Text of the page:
Lips pulsing, forehead
enduring – pound, pound
in the nightmare night –
high winds, blazing storm
and thinking “all alone!”
Centre of a circle, surrounded by loved ones
who have turned their backs –
poverty shame, fed-up with helping.
And there it is, the rabbit screaming
in a leg-hold trap, compressed, bones snapped.
There is this place of Earth called home, survival
and self-preservation paramount. Nearing now
the rotted root, my hands are slashed,
fingers twisted “Do not land!” the voice says,
pulsing as I sleep, denying all pleas for mercy.
My father would have saved me, but he is dead,
died long ago, too young of too big and too broken
a heart. My father would have helped me with love
in his eyes, growing old would not have blocked his kindness.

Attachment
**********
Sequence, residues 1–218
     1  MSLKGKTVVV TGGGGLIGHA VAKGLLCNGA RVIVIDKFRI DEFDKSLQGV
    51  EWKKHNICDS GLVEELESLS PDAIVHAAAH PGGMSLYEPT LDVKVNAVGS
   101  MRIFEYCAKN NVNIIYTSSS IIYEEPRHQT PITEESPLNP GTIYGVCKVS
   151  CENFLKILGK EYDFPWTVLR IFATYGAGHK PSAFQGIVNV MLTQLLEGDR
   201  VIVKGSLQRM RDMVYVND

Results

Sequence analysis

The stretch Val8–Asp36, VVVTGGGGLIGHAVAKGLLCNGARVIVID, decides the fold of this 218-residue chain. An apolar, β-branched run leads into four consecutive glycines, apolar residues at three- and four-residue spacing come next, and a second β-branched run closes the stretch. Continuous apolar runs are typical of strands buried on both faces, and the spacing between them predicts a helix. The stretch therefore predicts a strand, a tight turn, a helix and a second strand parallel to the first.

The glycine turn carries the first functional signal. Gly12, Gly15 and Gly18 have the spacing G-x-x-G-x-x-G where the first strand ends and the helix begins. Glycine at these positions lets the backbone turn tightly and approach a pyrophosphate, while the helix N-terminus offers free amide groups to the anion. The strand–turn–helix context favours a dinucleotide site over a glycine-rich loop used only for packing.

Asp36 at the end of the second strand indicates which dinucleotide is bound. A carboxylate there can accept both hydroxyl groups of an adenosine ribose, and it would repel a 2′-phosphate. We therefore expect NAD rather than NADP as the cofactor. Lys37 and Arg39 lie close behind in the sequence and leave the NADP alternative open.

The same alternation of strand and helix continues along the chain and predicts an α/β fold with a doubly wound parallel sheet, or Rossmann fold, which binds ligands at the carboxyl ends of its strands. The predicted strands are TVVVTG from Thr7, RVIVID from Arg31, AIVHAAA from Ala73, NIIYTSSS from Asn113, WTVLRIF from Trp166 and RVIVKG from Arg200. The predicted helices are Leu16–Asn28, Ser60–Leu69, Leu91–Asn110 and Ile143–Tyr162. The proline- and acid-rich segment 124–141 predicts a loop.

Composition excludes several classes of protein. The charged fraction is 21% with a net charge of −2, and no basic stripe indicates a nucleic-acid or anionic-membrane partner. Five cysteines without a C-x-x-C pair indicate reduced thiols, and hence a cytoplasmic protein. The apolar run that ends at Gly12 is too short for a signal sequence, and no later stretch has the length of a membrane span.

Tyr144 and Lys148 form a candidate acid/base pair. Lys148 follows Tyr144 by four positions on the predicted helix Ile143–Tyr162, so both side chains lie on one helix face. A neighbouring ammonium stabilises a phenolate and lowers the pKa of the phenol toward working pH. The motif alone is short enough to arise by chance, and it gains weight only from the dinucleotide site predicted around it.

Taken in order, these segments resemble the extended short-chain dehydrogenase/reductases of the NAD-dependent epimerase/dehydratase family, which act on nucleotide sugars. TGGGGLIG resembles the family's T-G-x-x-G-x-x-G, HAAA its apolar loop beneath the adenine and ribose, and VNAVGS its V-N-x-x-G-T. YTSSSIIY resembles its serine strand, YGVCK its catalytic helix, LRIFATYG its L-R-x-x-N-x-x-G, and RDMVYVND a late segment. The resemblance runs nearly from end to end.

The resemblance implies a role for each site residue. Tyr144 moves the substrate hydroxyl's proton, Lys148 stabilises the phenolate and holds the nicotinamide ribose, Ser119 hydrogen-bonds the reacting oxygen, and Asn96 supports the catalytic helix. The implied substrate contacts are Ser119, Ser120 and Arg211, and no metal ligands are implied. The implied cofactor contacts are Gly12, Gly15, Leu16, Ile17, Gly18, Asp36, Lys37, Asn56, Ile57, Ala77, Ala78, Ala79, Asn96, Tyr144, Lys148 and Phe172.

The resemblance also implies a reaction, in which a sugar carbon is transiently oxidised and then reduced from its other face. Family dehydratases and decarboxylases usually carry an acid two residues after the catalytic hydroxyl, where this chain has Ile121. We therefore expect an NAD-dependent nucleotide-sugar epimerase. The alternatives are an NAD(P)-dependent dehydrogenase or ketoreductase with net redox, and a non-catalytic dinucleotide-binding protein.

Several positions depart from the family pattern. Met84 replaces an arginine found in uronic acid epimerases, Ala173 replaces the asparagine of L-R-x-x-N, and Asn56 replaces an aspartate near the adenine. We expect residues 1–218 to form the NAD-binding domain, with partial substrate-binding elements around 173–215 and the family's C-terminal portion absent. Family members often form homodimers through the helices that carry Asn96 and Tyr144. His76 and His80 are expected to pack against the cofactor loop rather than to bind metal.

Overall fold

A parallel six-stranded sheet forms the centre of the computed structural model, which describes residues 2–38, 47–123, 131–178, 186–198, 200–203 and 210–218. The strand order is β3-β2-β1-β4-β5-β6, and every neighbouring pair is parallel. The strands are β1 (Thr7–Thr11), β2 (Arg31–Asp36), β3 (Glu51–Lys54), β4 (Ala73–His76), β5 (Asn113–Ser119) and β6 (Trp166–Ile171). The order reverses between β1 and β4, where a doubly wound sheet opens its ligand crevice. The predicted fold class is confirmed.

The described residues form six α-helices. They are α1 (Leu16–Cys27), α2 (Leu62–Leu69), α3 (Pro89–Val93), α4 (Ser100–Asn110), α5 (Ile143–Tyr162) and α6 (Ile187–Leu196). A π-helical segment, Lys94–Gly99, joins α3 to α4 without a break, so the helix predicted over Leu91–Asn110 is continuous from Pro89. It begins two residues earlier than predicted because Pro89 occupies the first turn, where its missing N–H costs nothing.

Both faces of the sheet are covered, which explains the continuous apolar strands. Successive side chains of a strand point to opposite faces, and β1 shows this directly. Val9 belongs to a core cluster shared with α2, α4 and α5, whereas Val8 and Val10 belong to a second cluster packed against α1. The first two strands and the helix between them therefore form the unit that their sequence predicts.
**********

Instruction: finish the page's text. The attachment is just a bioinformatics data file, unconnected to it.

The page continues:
The streets all go south to the lake and drown
in freezing polluted waters. I go south with them,
passing beach houses, cafes I once sat at.
I am done here, let me be done, I can
not carry this inheritance.
I cannot lift my foot another step.
I have one true-heart companion and we have
been shunned together – our home, our children
taken from us to feed the snapping jaw.
Dreams made of thin glass, roses plucked to the core.
Take me like a log and feed me to the campfire, let me
turn to ash so I can start again.
© 2018 by Allison Grayhurst
First published in “Apache Poetry” February 2018
You can listen to the poem by clicking below: